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Stories and information in our region on the COVID-19 pandemic.

Can What We Flush Predict The Next COVID Outbreak?

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Public health officials may be able to predict the next outbreak of COVID-19 through clues in a surprising source: raw sewage. That’s according to a new study from Yale and the Connecticut Agricultural Experiment Station.

Scientists dug through samples of sludge from a wastewater treatment plant that serves New Haven and the surrounding towns to see if they could test it for COVID-19.

“There are a lot of viruses that often can be detected in sewage,” says Doug Brackney with the Connecticut Agricultural Experiment Station.

The World Health Organization checks for polio in sewage streams in the developing world to see if the disease is cropping up in small towns or villages. Scientists around the world have been wondering if COVID-19 works the same way.

“We thought it’d be nice if we were able to detect it in wastewater,” said Yale professor Jordan Pecchia, lead author on the study. “Not only are we able to detect it, but it tracks what we would think of as the traditional epidemiology curve.”

You know, that curve we’re all supposed to flatten.

“Not only are we able to track it, but we’re able to shift the time forward a little bit. So we get our data about five to seven days before you get the testing data.”

And those five to seven days can be critical. It allows public health officials to predict a COVID-19 outbreak well before individual testing catches it. Imagine if scientists were able to do this testing at wastewater treatment plants across the whole state.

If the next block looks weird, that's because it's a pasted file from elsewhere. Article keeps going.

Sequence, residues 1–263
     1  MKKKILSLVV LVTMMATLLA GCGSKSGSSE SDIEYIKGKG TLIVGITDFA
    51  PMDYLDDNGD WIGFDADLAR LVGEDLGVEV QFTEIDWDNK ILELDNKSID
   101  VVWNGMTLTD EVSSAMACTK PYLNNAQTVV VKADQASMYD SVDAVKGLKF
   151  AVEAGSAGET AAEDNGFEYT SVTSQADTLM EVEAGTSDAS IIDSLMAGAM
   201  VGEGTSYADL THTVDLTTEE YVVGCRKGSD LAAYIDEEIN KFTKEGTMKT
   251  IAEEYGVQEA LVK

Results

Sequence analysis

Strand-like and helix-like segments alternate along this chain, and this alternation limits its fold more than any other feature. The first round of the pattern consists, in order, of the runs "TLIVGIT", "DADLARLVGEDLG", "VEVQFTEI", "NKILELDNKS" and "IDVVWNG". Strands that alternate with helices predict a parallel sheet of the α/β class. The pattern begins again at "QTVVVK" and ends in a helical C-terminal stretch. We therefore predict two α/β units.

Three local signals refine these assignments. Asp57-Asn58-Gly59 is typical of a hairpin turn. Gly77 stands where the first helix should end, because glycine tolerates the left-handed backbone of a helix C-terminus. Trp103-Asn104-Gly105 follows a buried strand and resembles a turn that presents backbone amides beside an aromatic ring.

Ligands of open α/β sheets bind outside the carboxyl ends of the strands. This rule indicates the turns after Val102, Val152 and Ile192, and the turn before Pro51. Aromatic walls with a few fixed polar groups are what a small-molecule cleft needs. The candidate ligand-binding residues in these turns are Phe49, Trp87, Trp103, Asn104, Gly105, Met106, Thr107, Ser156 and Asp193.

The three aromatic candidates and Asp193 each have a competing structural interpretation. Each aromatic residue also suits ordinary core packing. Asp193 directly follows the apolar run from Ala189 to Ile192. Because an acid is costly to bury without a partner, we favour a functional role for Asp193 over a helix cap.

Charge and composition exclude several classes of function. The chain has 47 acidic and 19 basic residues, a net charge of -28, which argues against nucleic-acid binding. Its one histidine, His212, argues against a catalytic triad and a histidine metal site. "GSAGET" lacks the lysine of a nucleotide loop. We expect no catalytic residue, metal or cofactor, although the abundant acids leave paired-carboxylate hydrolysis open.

“We’d love to scale it. We’d love to do it statewide,” says Pecchia. He also says that it’d be relatively inexpensive.

“You have to go and engage other treatment facilities in big cities like Hartford, Bridgeport, Stamford and start sampling their wastewater.”

Pecchia says it wouldn’t replace testing and contact tracing. Those tried-and-true methods are still the best way to prevent the individual spread of the virus from person-to-person. But it could augment them on a community-wide level.

“I think this is in particular a critical time because the outbreak has receded a bit in Connecticut and that coincides with the reopening of Connecticut. And so people are out more. There’s now maybe a greater risk of transmission than when we were under lockdown.”

“It’s going to be really interesting to follow the sludge.”

That’s researcher Doug Brackney again. He says if researchers start to notice rates of COVID-19 increase in sewage, they’ll know community transmission is increasing.

“It’s definitely like a canary in a coal mine. Hopefully before it gets way out of control, we can start saying look, we might need to start putting into place some of these restrictions again to curtail a second or third wave.”

Researchers say next they’ll examine the gene sequences of COVID-19 in wastewater, which they say could tell them a lot more about how the virus spreads.

Davis Dunavin loves telling stories, whether on the radio or around the campfire. He started in Missouri and ended up in Connecticut, which, he'd like to point out, is the same geographic trajectory taken by Mark Twain.
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